Saturday, 29 June 2019

Mugging and Smoking With Fred

Daring Dino? Ferocious Fred? Neither of the adjectives in front of those cartoon characters’ names seems all that appropriate. But who can argue with paying 75 cents for a mug with their mug on it?

In a way, a mug is appropriate. The original Flintstones cartoons were sponsored, for a time, by Welch’s Grape Juice, through the Manoff Advertising Agency. That happened starting in the 1962-63 season.

The series had a bunch of new sponsors for its fourth season (1963-64). Green Giant (Leo Burnett) and Best Foods (Lennen and Newell) also picked up sponsorship that year. Broadcasting magazine estimated the cost of production at $55,000 an episode, the same as The Adventures of Ozzie and Harriet, The Donna Reed Show and Hazel. In 1964-65, the Jolly Green Giant took his ho-ho-ho elsewhere and was replaced by Motorola (also a Leo Burnett client).

The show began its life with the bills being paid by Miles Laboratories and R.J. Reynolds Tobacco. Miles was the maker of Flintstones vitamins, but that product wasn’t hawked in breaks on the cartoon show; it wasn’t invented until 1969 (the series ended in 1966).

These ceramic Flintstones ashtrays from the early ‘60s must have seemed appropriate for a show sponsored by a cigarette maker.

The fact that Winston cigarettes were pushed in between acts of The Flintstones is met with a combination of shock and disbelief today by people who weren’t around in the days when smoking was cool, not deadly. They can’t understand why cartoon characters were allowed to sell cigarettes. The reasons are simple.

a) The Flintstones was not a children’s show.
b) Cigarette advertising had a long history in magazines and on network radio.

Jack Benny sold cigarettes; his TV show had (for a while) a cute cartoon character named Happy Joe Lucky. Lucy and Desi sold them on TV, too. Arthur Godfrey sold them on radio. So did Abbott and Costello. Cigarette ads were ubiquitous. They were on all kinds of shows aimed at families. No one thought anything about it. I suspect something we do today will be looked upon as ghastly and unthinkable a few generations from now.

R.J. Reynolds bowed out after two seasons. ABC decided to sell participations in the show for year three, according to Sponsor of June 4, 1962. By September the network had signed contracts with five different advertisers, including Welch’s.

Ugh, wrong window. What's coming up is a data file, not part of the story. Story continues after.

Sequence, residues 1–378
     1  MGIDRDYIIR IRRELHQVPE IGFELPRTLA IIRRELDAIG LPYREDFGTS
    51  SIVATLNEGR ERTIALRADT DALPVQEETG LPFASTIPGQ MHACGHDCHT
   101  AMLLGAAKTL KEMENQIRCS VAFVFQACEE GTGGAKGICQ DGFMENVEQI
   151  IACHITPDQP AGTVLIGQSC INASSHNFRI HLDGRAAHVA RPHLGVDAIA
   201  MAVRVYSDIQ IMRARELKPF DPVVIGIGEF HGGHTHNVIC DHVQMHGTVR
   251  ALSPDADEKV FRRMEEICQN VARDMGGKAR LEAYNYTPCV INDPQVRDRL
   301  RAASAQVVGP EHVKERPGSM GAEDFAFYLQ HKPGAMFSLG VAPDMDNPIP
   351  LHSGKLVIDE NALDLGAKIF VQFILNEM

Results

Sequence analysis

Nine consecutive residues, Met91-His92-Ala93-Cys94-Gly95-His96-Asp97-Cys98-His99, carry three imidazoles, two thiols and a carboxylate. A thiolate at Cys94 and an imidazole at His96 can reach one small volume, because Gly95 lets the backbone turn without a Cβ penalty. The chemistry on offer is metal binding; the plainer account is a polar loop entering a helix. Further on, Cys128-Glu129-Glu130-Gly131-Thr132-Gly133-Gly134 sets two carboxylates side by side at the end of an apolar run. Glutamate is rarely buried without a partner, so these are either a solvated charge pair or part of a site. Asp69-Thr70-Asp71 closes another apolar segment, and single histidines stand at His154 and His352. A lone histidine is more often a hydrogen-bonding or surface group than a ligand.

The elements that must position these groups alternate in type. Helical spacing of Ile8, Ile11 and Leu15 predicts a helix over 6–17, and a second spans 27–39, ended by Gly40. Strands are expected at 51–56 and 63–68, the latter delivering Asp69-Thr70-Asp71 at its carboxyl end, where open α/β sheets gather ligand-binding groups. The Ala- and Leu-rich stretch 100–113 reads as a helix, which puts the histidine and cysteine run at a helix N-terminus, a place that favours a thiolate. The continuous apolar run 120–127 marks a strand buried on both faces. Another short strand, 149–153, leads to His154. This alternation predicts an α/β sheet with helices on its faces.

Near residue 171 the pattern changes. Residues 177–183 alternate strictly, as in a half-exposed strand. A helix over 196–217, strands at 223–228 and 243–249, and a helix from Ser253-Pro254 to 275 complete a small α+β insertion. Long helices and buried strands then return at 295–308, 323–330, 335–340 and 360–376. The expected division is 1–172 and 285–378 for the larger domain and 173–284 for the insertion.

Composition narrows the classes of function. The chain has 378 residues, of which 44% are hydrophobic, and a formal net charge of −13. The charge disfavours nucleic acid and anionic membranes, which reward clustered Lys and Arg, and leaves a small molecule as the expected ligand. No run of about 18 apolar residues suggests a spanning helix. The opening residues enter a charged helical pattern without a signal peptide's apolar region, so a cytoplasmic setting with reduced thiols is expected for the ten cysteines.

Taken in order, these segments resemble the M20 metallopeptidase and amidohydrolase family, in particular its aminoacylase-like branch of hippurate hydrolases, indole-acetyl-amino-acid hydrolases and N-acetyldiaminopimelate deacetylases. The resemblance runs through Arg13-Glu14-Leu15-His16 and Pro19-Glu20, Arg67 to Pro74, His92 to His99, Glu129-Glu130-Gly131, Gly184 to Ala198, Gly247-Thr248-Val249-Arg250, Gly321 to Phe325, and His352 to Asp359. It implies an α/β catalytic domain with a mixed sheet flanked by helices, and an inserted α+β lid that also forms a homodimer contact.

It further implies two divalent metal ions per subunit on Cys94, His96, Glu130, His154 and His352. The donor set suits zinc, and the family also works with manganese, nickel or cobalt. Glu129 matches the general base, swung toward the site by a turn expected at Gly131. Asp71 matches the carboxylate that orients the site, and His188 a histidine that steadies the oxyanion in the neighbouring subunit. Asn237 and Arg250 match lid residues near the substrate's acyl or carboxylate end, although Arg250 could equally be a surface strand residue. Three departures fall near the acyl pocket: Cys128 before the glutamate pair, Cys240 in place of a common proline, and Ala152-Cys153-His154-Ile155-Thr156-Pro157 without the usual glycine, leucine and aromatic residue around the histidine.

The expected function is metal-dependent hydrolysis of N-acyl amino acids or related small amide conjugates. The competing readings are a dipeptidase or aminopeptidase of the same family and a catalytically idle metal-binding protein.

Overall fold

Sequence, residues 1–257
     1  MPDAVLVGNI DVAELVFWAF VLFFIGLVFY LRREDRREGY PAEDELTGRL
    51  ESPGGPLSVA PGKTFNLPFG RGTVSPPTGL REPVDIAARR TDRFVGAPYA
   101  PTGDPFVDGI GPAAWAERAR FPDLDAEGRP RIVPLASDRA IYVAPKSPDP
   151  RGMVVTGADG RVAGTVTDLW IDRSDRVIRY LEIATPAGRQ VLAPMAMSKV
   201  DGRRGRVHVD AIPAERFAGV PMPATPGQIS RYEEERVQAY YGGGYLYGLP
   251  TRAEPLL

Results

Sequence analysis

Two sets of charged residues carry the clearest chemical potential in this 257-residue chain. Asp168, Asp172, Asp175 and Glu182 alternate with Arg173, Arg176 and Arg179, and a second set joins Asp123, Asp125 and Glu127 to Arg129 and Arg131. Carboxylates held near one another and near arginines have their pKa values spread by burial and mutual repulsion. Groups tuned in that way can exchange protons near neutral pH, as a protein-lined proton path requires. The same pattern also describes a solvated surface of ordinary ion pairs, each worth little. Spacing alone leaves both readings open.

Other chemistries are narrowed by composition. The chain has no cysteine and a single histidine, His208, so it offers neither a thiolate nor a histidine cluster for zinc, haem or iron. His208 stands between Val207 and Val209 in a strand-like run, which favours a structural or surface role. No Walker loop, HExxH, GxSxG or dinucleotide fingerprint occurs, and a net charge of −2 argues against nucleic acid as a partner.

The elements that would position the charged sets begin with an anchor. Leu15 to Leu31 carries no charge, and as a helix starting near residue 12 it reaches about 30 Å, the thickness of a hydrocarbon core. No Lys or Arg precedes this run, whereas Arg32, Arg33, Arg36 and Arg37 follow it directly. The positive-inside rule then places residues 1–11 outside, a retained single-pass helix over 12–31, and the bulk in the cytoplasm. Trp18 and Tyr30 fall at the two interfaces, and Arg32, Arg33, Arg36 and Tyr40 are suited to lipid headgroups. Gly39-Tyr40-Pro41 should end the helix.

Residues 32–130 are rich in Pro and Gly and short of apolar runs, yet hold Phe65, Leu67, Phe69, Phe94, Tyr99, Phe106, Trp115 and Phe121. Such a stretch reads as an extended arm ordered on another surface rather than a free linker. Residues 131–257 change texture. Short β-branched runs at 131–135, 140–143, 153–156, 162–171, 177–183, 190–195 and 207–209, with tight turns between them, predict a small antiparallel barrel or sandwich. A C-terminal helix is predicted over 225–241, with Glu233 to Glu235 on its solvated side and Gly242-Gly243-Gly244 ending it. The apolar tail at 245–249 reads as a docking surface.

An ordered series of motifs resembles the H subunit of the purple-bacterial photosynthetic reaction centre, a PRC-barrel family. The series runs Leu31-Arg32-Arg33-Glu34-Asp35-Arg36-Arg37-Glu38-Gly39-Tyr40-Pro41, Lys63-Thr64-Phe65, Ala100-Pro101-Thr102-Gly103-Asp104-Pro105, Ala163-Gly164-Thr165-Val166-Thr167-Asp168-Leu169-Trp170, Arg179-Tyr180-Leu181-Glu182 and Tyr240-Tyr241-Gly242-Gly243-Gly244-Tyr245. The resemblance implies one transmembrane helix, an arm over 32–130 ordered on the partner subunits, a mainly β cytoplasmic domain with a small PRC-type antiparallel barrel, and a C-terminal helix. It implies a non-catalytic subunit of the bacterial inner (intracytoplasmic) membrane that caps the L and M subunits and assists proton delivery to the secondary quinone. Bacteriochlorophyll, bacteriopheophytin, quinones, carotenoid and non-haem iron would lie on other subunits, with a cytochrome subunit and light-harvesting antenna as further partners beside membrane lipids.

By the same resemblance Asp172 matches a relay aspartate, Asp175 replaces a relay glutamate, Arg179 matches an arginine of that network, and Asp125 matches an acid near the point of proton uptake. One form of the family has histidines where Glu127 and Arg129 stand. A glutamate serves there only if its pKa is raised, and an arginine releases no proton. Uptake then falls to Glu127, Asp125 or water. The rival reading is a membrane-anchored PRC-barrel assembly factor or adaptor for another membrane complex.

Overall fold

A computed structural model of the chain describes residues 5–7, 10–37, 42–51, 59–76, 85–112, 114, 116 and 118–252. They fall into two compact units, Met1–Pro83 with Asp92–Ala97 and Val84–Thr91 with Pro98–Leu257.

Interestingly, Miles Labs exercised its sponsor authority on the content of The Flintstones. Sponsor magazine of June 17, 1963 reported that “ABC network agrees it’s usual practice for Miles Lab to insist that The Flintstones contain no reference to ‘headache, upset stomach or the taking of remedies to relieve same.’” By this time, Winston’s had moved on to being advertised on TV for the first time in colour—by some animated matchbooks.


  1. Uncle Tex makes an appearance in one of the rare media outlets not owned by interfamily rival, Cousin Tumbleweed.

  2. In a Flintstone Kids short, Fred palled around with a cool kid until he offered Fred a cigarette to smoke; apparently Hanna-Barbera evolved by then.

  3. Sponsorship meant a lot more then than what it appears to be these days, where a company only buys time on a show that has already been funded by the networks, with its rates determined by the ratings. Early on, when Kellogg's was footing the bill for all of the syndicated H-B output, the shows reflected Kellogg's sensibilities. During most of the run of THE FLINTSTONES, sponsorship determined whether a show got on the network at all, since they were footing the bills for production, after which they bought time from the network to air their shows. Thus, it wasn't Miles and Reynolds, who shared the production costs, pushing H-B around, it was them being the producers. This is how so many shows shifted from one network to another in those days, with sponsors seeking better time slots. Their say-so over the content was bigger than the networks' until around '64 or '65 when the reversal of power occurred. This is when many syndicated series that were being repeated on networks on Saturday mornings (like QUICK DRAW McGRAW), were gradually phased out in favor of entirely new programs, and H-B shifted its focus from primetime animation to Saturday mornings (following its last major set of syndicated series, MAGILLA GORILLA, PETER POTAMUS, SINBAD JR., LAUREL & HARDY and ABBOTT & COSTELLO in '64-'67). H-B ended up turning out far more hours of animation on all three networks than they had even during the several seasons when they had two prime-time series on ABC, to wit, eighteen different brand-new network series between 1965 and 1969, and they probably didn't have to personally deal with a sponsor on any of them.